Wellesley Offers New Interdisciplinary Minor in Comparative Race and Ethnicity
“As Wellesley students prepare for leadership and service at the College and beyond, their ability to understand and analyze racial/ethnic dynamics is crucial,” said Markella Rutherford, associate professor of sociology and one of two advisors for a new interdisciplinary minor in comparative race and ethnicity (CRE).
The new minor will allow students to create a structured yet individualized plan of study from interdisciplinary courses that offer rigorous and complementary approaches to understanding race and ethnicity, Rutherford said. Students will also have an opportunity to forge connections across disciplines and to compare how people experience racial and ethnic differences around the world.
During an information session on October 13, six faculty members from various disciplines discussed the importance of understanding that race and ethnicity are not just categories of identity but manifestations and instruments of social power—whether economic, political, or cultural.
Cord Whitaker, assistant professor of English, explained that students in CRE courses will analyze the dynamics of race and ethnicity by comparing different perspectives and identifying when and how people in positions of power manipulate the perspectives of those they influence.
“These are the tools crucial to careers in law, medicine, biomedical engineering, politics, social service—and yes, even the academy,” said Whitaker. “From secondary education to mergers and acquisitions law, from humanitarian missions to public relations, mastering the analysis of race and ethnicity gives you a leg up on those who take interactions—and others’ stories—at face value.”
Ophera Davis, lecturer in Africana studies, echoed those comments. “Academic training on inequality and race relations can inform future decisions and has the capacity to be a real asset when students make career choices,” she said.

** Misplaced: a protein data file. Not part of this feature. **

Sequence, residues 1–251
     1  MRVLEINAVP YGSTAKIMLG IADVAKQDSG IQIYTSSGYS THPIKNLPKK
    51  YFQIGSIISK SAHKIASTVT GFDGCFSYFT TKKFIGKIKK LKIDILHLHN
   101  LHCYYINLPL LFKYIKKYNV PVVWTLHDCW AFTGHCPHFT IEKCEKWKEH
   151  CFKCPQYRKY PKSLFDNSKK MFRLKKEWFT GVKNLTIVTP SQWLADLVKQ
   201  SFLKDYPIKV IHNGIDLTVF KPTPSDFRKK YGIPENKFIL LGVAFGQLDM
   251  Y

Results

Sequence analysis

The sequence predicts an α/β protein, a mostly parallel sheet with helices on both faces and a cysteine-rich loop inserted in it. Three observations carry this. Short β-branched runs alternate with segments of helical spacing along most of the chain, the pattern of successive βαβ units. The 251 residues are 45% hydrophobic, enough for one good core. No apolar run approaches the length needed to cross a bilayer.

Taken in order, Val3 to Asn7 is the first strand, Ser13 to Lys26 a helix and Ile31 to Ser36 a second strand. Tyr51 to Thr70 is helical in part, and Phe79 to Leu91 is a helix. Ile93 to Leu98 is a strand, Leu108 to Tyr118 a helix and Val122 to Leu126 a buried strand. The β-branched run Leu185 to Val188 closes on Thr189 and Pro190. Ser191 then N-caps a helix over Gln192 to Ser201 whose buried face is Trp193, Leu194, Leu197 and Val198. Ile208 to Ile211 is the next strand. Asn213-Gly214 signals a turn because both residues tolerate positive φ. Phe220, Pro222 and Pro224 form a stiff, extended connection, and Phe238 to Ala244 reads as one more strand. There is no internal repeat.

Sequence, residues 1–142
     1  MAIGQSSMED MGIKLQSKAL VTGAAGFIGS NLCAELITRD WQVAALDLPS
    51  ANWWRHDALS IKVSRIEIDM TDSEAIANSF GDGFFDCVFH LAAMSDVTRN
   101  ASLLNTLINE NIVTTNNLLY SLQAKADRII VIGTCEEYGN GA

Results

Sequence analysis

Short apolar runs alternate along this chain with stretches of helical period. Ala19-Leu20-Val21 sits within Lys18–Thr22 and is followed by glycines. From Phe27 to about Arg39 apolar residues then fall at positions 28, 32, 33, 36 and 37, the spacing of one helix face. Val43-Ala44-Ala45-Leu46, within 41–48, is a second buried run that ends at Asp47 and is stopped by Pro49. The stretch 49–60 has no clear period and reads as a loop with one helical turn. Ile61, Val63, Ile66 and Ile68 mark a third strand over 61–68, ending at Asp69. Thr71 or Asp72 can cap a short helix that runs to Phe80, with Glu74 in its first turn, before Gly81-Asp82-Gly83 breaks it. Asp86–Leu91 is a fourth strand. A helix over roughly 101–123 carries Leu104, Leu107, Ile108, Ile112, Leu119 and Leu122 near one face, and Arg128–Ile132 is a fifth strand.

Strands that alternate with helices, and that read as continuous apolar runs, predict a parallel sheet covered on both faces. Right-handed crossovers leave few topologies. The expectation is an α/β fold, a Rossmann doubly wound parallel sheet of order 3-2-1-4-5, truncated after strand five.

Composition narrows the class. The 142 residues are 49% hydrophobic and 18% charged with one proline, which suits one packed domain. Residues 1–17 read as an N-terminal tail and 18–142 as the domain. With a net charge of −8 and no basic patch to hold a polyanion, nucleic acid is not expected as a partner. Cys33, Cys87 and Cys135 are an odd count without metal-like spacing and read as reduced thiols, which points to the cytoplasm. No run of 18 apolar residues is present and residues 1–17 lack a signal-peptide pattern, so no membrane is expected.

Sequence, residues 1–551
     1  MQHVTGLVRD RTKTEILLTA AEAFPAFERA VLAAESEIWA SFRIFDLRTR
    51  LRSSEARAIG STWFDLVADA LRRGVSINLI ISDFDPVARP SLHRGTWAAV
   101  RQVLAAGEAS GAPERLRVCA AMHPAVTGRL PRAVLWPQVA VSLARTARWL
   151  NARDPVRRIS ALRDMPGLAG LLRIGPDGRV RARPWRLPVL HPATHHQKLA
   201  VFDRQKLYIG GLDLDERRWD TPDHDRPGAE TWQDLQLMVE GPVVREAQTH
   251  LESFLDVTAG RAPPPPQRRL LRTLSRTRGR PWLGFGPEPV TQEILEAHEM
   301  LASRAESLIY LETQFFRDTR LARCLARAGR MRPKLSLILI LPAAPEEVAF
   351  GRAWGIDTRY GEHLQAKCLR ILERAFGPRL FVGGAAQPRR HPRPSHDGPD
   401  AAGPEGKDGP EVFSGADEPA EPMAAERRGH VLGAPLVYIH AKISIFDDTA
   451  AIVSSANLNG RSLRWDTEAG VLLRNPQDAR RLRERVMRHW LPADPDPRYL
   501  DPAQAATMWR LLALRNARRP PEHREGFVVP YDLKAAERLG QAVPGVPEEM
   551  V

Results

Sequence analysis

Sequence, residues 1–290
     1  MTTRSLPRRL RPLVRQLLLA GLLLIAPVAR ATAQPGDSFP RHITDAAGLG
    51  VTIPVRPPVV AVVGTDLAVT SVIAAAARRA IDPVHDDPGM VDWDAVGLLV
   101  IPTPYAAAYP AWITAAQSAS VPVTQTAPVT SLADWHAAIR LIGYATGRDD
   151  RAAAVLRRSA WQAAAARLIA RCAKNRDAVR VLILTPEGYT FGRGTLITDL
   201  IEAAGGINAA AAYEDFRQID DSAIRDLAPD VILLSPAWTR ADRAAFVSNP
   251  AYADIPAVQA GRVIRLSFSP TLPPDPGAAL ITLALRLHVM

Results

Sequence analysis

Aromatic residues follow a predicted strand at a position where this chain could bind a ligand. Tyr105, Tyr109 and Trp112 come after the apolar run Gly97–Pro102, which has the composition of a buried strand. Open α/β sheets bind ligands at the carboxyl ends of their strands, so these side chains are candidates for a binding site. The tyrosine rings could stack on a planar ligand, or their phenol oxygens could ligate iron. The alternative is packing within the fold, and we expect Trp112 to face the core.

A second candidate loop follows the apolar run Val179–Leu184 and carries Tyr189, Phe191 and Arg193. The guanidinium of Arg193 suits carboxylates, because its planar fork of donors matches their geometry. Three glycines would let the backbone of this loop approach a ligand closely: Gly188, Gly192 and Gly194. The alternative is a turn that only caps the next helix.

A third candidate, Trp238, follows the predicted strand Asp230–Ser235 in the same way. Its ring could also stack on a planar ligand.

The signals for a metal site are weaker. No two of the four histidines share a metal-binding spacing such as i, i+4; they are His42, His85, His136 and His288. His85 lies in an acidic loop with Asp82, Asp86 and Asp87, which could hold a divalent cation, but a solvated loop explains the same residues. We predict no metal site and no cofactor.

Students who wish to pursue the minor are required to take two of six gateway classes, three of which will be offered this spring: AFR 213: Race Relations and Racial Inequality; SOC 246/AMST 246: Salsa and Ketchup: How Immigration Is Changing the U.S.; and SOC 251: Racial Regimes in the United States and Beyond. The remaining electives for the minor can be selected from among the other gateway courses or from an approved list of approximately 80 additional courses from 18 different departments.
Discussions about the new minor began in spring 2014, when the College organized a task force on ethnic studies in response to student requests for more courses in this area. Richard French, then associate dean, commissioned a working group, which submitted an executive summary of recommendations to the provost’s office at the end of the semester.
In response, new hires were made in American studies and anthropology, and faculty began building the framework for the CRE minor. Rutherford, who served on the working group, suggested that the Department of Sociology house the minor because it already offered courses on racial formation, social inequality, and global migration that analyze the meanings of race and ethnicity as socially and historically situated phenomena within global power relations. (The American studies program will continue to create new courses that focus on U.S. ethnic studies.)
“Comparing racial regimes globally and historically allows students to see that global dynamics are influencing racial issues in ways that are not always incorporated into dominant national narratives about race,” said Rutherford.
For example, American slavery during the 18th and 19th centuries grew out of global capitalist thought that viewed slaves not as human beings but as a solution to the need for industrial labor and the production of raw materials.
Other examples are the American civil rights movement and the movement to end apartheid in South Africa, which both drew upon a considerable exchange of ideas among activists who saw their work as both national and global in scope.
“I think the Comparative Race and Ethnicity minor is a wonderful addition to Wellesley’s already long list of minors,” said Isabelle St. Claire ’17, a peace and justice studies major. “If this had been offered to me as first year, I certainly would have taken more classes on race, ethnicity, and identity.”
“I’ve enjoyed taking classes that focus on the experience of a particular racial group, but I think it’s even better now that students can approach these classes with a rigorous interdisciplinary framework, which allows them to critically analyze how race has shaped the experience of all populations,” said Christina Phelps ’17, a sociology major. “Wellesley students have a lot to learn from the CRE minor, but I also think that the students, with our increasing focus on intersectionality, will bring a lot to this new framework for thinking about race.”
Students wishing to declare the minor should contact Rutherford or her fellow program advisor, Peggy Levitt, Luella LaMer Slaner Professor in Latin American Studies and professor of sociology.